Sunday, September 23, 2012

Raising the education bar for Ethiopian Jews

Pnina Gaday Agenyahu is the first Ethiopian-born member of Israel’s Council for Higher Education, and directs the Tel Aviv University Hillel.
Pnina Gaday Agenyahu
Pnina Gaday Agenyahu’s classmates in Haifa all got parental help with homework. Her own mother couldn't do that -- she wasn’t literate in her native language and certainly not in Hebrew. But her decision to live among Israelis rather than in an Ethiopian immigrant community was well thought-out.

“We were the only Ethiopian family in our neighborhood,” Agenyahu says. “On the one hand, it’s a privilege to live among a wider family and we missed that support, but on the other hand my mom understood that here she would be able to raise her kids with more opportunities. It was more challenging to be on our own, and it was lonely, but it also required us to be like the Israelis around us.”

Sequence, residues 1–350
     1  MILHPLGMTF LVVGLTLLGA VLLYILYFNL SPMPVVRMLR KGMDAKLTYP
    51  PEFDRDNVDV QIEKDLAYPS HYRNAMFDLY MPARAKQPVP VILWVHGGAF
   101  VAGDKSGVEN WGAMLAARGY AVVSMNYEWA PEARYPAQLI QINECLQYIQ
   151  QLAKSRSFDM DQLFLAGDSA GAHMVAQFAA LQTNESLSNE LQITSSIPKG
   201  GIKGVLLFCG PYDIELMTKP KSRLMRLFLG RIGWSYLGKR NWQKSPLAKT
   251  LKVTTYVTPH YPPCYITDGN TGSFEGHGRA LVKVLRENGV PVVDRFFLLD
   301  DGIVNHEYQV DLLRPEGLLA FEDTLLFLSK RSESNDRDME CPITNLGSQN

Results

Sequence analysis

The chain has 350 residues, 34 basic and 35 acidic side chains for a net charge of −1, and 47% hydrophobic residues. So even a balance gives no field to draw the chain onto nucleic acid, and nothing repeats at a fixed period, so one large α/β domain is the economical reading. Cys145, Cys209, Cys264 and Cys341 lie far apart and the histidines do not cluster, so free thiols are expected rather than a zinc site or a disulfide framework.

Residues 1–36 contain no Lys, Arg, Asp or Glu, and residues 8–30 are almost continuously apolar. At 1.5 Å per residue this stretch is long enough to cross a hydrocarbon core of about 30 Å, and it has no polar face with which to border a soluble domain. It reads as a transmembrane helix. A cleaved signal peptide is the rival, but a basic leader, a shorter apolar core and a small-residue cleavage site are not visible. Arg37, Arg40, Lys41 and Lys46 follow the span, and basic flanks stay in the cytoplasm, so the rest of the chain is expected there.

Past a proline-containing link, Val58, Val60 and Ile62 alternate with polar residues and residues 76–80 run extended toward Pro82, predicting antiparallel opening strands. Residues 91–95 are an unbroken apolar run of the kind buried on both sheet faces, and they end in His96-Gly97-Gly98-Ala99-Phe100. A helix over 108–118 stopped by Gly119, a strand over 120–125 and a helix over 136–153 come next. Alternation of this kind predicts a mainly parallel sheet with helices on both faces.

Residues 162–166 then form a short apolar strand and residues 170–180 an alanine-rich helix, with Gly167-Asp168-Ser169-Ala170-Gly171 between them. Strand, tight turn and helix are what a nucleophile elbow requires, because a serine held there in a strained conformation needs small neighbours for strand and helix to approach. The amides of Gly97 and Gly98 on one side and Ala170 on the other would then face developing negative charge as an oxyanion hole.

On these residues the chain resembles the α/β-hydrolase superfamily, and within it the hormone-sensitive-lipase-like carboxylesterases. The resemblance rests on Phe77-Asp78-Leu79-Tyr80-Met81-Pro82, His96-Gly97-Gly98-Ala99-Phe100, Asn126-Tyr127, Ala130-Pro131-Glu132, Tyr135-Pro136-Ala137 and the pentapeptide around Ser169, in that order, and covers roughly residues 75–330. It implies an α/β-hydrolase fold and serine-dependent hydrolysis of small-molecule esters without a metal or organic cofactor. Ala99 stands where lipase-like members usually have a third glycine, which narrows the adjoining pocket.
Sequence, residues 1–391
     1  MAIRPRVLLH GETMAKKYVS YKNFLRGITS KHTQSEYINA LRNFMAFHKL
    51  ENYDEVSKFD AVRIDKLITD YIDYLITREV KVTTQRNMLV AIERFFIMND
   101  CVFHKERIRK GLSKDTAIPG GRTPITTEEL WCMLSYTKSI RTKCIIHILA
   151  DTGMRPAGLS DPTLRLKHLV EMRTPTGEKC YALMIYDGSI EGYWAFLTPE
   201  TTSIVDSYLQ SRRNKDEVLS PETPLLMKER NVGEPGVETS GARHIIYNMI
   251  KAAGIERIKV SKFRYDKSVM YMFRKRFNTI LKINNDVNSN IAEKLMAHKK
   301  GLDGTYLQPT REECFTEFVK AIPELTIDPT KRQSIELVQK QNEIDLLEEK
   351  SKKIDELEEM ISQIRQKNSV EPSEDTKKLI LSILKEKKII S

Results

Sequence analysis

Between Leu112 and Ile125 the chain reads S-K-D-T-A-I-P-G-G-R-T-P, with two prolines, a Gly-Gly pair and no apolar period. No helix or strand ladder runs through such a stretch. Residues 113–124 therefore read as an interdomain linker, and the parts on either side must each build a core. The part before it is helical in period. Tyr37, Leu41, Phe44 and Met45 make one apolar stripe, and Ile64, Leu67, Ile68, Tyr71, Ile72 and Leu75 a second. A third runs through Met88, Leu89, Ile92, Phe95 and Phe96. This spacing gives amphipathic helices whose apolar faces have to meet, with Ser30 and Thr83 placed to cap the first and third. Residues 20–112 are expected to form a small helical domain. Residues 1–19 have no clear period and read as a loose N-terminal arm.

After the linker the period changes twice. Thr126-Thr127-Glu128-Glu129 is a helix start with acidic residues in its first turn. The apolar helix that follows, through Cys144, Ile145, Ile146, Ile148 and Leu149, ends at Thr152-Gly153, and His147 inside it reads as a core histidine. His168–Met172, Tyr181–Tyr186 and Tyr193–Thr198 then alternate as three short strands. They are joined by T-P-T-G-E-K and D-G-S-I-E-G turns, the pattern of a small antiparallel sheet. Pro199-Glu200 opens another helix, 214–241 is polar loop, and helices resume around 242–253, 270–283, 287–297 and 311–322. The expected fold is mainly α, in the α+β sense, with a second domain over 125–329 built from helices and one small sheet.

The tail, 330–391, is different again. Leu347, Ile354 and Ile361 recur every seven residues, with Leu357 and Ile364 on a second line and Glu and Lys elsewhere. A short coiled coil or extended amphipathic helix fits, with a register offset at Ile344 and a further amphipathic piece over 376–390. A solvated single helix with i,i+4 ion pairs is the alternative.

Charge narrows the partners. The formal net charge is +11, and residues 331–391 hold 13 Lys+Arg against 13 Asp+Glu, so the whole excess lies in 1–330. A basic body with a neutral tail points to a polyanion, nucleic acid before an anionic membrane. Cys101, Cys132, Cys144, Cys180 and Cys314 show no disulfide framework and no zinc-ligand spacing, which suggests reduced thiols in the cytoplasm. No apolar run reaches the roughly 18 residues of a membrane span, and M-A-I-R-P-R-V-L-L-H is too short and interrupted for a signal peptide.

And despite the lack of homework assistance, she excelled academically. Now 30, Agenyahu was recently appointed as the first Ethiopian-born member of Israel’s Council for Higher Education. Since August 2007, she has been the Hillel director at Tel Aviv University, the world’s only Ethiopian-born director among more than 500 Hillel campus clubs. -- Avigayil Kadesh, Israel Ministry of Foreign Affairs

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